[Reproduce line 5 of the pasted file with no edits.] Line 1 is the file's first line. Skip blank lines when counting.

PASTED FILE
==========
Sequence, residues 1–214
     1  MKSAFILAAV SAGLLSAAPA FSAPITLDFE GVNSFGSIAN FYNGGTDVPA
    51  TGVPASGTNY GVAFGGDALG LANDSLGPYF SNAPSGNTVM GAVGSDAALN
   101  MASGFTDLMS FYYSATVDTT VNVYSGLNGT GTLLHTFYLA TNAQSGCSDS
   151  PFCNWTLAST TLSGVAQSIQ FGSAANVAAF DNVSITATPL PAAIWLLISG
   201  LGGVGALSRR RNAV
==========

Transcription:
   151  PFCNWTLAST TLSGVAQSIQ FGSAANVAAF DNVSITATPL PAAIWLLISG